Years ago, I watched a highly respected indie character tell a kid that this record, this one record, was the last. It was after a show in Berlin, behind a dirty merch table in an old dentist office turned venue. She paid and walked away. He immediately reached under the table, into a ratty suitcase and dropped another in its place. Salesmanship, it’s something I think about a lot. I also wish it didn’t come so easy.
Sometime in 2013, I met a Basque drummer whose band looked like so many others: old friends, young men. That year, I stayed in his house, overlooking the countryside outside Donostia. We were recording with his brother, in the shed out back, where the band rehearsed for the past decade. Like clockwork, they would all appear. It usually started with coffee and ended with dinner or a glass of wine around the fireplace in the kitchen. Some lived in the house, some drove away. It was the closest thing to a family that I could fathom at that point. Even then, I couldn’t imagine hanging so thoroughly with any of my old bands. I always needed space. Or secrets. Or time away to think and scheme. In effect, never be in the moment. Sober.
It’s always been hard for me to separate music from the people who make it. Now, I found myself reconciling the people with the music they make. As I learned, this particular bunch was a support group that picked up momentum wherever they went. It was stunning to see, honestly. As an American, it’s easy to dismiss those popular regional acts in Europe. But name one popular regional band from your town that’s older than thirty and NOT playing covers.
Years later, I went back with the Danes to open a few shows. We returned the favor by inviting our friends for a run of dates to Berlin. It was a financial disaster. But they knew what to expect and never complained. That fall, we played giant halls and large collectives around the Basque region, where towns and villages bleed together, connected by tolls and the occasional border guard. I watched huge crowds sing in unison and congregate afterwards. It was all so communal. And they always traveled with a crew of friends, techs and a lone documentarian, keeping the circle small even as it grew. They even had a manager-type who didn’t need to be so welcoming. And still, for all the late-night revelry, the bill never really made sense: big rock riffs and regional politics paired with flamboyant garage rock. No one seemed to notice.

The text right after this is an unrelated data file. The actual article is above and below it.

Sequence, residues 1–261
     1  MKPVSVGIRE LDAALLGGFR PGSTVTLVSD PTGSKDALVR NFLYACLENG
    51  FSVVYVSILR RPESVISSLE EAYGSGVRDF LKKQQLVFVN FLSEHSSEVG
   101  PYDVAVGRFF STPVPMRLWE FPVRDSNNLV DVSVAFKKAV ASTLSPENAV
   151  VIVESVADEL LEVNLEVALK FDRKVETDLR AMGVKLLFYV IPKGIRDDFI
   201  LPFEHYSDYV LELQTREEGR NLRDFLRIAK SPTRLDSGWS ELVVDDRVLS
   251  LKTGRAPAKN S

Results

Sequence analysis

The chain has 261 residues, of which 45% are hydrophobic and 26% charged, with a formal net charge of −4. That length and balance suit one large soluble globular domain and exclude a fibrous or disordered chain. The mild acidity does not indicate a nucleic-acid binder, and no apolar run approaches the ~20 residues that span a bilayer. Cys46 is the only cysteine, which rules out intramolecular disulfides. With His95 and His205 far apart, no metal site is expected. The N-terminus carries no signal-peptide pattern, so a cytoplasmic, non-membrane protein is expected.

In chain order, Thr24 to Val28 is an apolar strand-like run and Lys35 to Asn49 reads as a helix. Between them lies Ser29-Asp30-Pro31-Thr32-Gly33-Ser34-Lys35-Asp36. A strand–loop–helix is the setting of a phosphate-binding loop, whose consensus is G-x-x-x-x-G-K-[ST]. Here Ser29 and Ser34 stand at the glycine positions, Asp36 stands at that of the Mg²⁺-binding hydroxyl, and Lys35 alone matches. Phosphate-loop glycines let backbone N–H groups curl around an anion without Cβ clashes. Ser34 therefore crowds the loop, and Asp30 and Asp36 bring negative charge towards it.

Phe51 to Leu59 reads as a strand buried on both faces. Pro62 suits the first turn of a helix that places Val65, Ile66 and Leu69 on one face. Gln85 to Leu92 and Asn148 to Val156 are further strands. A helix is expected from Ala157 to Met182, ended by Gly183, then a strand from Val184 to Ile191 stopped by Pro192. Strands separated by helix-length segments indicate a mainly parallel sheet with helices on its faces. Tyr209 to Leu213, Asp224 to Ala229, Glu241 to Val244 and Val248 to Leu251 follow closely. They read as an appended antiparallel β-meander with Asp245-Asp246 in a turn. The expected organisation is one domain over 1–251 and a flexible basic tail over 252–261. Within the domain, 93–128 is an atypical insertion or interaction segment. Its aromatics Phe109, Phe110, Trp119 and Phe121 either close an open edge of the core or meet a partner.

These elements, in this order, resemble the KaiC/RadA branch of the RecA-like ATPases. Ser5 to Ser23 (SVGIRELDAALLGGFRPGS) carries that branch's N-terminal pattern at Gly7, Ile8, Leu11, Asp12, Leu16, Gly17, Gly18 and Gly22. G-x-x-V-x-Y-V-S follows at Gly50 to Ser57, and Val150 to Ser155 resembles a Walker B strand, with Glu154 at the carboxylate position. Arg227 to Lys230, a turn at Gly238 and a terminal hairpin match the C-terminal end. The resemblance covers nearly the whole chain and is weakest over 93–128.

I’ve carried this thesis around for a long time: that the type of music you play is informed by where you’re from. Watching too many guitar faces and outsized pedal boards at small shows around the world, I often think music is nothing but translation anyway—from a high-minded “feeling” in cosmopolitan circles to a basic lifestyle in the sticks. It all starts with mimicry and out of experience we tend to find ourselves. Recently, there was the story of an unknown LA rocker who booked a full UK tour on the promise of pre-sales. The internet went nuts. It was ridiculous for so many reasons, least of all the lazy promoters who believed it—and the ease of communication that made it all possible. At times, I’ve thought about doing the same thing—how I would quietly post a run of “sold out” dates and let the mystique build. It’s not like anyone outside my city would care, or confirm for that matter. If a band plays to no one, does the band even exist?
Willis Drummond is not this band. Willis Drummond exists in a reality of their own making, where it’s entirely plausible to sell out of merchandise and reach for an empty box. It’s possible to press a bunch of DVDs and photo books and make enough money to live as a professional musician by printing flyers—and filling rooms with a beautiful, endangered dialect. Entire legacies have been built on this idea that a band is bigger than they say. Willis Drummond is bigger than you ever knew. Like Literally is proud to present Zugzwang, out now and available everywhere.